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“Millions of children, especially girls, could be encouraged, empowered and inspired to great achievements by the words we put on paper. The importance of empowerment for girls in Africa can never be over-emphasized.”
–Watchen Johnson Babalola
On this special day dedicated to honouring the women in our world, CODE proudly acknowledges the inspirational women with whom we have the privilege of working every day, all the year through. They are our country partners, program managers, expert volunteers, teachers and librarians.
From leading workshops that help to break down women’s stereotypes in Mozambican children’s books to organizing safe “girl’s only” reading corners in Ethiopia, these dedicated and passionate people are ensuring that today’s girls will be tomorrow’s literate and empowered women – ready to be all that they can be.
It starts with girls being encouraged to learn by supportive teachers and librarians who create safe learning environments for them. It continues with these girls having access to high quality, mother-tongue books. Books that depict strong female protagonists – not extraordinary heroes but just regular, identifiable characters who take chances, work hard, stand up for what they believe in or overcome obstacles to reach a goal. Everyday, relatable goals like the one Isatu has in Watchen Johnson Babaola’s popular book Shoes that Fit.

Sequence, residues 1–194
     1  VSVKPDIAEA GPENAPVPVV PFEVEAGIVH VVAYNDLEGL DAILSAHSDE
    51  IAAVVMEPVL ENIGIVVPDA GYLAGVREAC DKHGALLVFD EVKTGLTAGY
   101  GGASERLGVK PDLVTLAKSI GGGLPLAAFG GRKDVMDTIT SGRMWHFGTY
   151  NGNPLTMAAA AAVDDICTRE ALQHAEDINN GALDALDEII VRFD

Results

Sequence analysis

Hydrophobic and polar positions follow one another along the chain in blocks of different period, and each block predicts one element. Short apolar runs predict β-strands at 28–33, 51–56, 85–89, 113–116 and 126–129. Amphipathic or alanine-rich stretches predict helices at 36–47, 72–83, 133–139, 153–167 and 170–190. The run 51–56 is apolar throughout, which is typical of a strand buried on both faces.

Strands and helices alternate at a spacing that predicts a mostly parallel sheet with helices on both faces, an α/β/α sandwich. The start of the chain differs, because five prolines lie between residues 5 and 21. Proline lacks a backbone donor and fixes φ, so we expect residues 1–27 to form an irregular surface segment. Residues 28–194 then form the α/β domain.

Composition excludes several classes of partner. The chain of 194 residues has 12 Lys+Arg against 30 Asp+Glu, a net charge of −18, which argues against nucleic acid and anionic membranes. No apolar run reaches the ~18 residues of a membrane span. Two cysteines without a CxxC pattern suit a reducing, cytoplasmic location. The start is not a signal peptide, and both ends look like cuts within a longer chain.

Watchen has written four books for CODE’s Reading Liberia collection –working closely with CODE’s partner in Liberia, the WE-CARE Foundation. She is a gifted writer, business executive and mother of four girls and an inspiration to all of us at CODE and to anyone who has had the pleasure of reading her books.
The We Care Foundation invited me to attend a CODE workshop for Liberian writers. There I met Charlie Temple, Kathy Stinson and other CODE expert volunteer workshop leaders. It was a fabulous time of sharing our experiences as writers and getting to know just how similar our passions are. Many of the poems and short stories that I have written since then have come out of working sessions at CODE workshops over the years.
Oh boy, it seems I came out the womb with a pen in my hand! I started keeping my writings when I was promoted to the fourth grade. But I was writing rhymes long before that. As far back as I can remember, I could look at a scene unfolding, and make up a rhyme about it. Some would be so hilarious, I would laugh myself to tears.
From the 2nd grade at school. My favorite period was reading. My teacher was magical. She would read a story to the class and I could hear the dripping of rainwater from the roof into an old metal bucket and feel the soft mud squish through the toes of the character as she walked barefooted through a puddle on a dirt road. I lived for reading period.
I ran through books as a young girl. I read every book twice. I was such a greedy reader. The first reading was always like a drive by.; flip, flip, flipping pages. Then, when there was no book in the house that I had not already read, I’d begin to read the old ones. The second reading was calmer and deeper. I clicked with the good guys and wanted nothing but mishap for the bad ones (smile) I really got to know and understand the characters. Thankfully, by high school, I outgrew my drive by reading.